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The Freak Lars Sullivan

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  • Originally posted by Powder View Post
    If this guy was a 6 foot 180lb guy, he would have been fired, but because he is 6'3", 300+lbs, athletic, strong, and could be a 'monster heel' with a unique look, all is forgiven....SMH.
    Yes. This is the entertainment business. Not all people are created equal, and many are given special treatment if there is greater upside or opportunity to make money off of those people.

    What really needs to be understood is that even with WWE's decline in ratings, "Wrestling Twitter" or Reddit, the loudest voices that want to see these guys fired -- and very likely the only ones that are more than tangentially even aware of the situations -- are a fraction of the audience. Is it even 10k people? 20k? Shit, I wasn't even aware of Dream's issues until Triple H made a comment.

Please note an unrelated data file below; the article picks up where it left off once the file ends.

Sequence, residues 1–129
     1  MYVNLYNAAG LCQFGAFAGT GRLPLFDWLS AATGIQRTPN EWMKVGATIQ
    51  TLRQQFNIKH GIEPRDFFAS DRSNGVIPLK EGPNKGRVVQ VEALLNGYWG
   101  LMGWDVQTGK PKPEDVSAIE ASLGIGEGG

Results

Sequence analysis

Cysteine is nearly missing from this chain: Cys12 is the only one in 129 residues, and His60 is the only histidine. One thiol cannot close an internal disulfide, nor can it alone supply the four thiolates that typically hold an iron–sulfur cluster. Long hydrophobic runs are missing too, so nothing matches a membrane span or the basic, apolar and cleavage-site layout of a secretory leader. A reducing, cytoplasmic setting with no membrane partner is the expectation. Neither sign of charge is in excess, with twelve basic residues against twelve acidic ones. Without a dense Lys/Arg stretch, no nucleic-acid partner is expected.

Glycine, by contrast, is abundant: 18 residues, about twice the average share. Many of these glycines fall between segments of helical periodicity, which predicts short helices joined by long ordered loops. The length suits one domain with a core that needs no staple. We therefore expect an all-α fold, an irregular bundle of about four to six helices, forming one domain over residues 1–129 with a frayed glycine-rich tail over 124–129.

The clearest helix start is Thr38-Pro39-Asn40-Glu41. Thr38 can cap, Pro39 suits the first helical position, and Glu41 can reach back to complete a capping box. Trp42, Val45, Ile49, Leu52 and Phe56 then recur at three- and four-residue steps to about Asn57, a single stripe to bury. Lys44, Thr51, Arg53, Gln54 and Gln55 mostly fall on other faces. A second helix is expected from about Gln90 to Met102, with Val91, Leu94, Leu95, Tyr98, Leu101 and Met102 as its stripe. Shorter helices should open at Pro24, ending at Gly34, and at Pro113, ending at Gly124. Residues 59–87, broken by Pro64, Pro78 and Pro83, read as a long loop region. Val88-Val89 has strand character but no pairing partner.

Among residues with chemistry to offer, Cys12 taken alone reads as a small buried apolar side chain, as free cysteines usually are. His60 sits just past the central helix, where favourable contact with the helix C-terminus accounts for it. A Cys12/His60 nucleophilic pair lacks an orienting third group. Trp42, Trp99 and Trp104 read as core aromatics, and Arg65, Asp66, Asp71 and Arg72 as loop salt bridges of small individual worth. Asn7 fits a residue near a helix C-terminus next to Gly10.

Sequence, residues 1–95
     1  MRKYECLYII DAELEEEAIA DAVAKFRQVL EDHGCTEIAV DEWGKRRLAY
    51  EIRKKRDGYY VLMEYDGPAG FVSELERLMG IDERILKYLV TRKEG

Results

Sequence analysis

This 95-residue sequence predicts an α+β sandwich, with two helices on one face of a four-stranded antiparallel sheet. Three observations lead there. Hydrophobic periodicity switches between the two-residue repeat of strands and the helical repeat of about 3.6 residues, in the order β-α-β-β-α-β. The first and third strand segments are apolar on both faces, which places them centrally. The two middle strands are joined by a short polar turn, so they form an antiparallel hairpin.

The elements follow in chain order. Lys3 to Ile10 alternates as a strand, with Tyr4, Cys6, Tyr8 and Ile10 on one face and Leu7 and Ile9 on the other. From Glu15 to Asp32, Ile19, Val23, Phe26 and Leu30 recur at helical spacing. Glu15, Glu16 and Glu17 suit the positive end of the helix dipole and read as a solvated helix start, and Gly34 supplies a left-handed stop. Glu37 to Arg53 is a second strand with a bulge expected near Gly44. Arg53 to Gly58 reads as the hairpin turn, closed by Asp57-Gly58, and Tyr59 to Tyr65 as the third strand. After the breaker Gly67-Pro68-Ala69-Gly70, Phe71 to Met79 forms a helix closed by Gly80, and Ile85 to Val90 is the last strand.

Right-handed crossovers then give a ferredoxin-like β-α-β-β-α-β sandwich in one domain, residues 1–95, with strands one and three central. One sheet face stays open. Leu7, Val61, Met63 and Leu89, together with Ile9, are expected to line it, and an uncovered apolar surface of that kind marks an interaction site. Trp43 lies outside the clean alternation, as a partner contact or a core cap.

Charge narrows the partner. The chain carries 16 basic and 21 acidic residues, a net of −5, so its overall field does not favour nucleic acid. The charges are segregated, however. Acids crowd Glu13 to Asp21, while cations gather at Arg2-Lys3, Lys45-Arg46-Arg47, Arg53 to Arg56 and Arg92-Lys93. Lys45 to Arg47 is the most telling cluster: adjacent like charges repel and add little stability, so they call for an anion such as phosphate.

I would say if there were fans in buildings things would be different, but I'm not sure. It's easy enough to get "fire Dream" chantalong going to overwhelm a TV show. People like to chant and would probably even join in if they weren't aware of the situation. BUT there were no chants, no overwhelming boos, nothing the last time Lars had an arguably worse issue.

    It feels like overwhelming calls to "cancel" these guys, but that's just because a few thousand people on Reddit and Twitter come across as overwhelming. But would it even make a dent in numbers if every single one of those people shut off the show?

    I personally think Lars is more of a headache than he's worth and should have been cut last time. If not for the injury, he might have but they hate firing people while they're hurt.


    https://youtu.be/CuiN0s2cLEI
    Check out this COVID era pro wrestling show I just produced.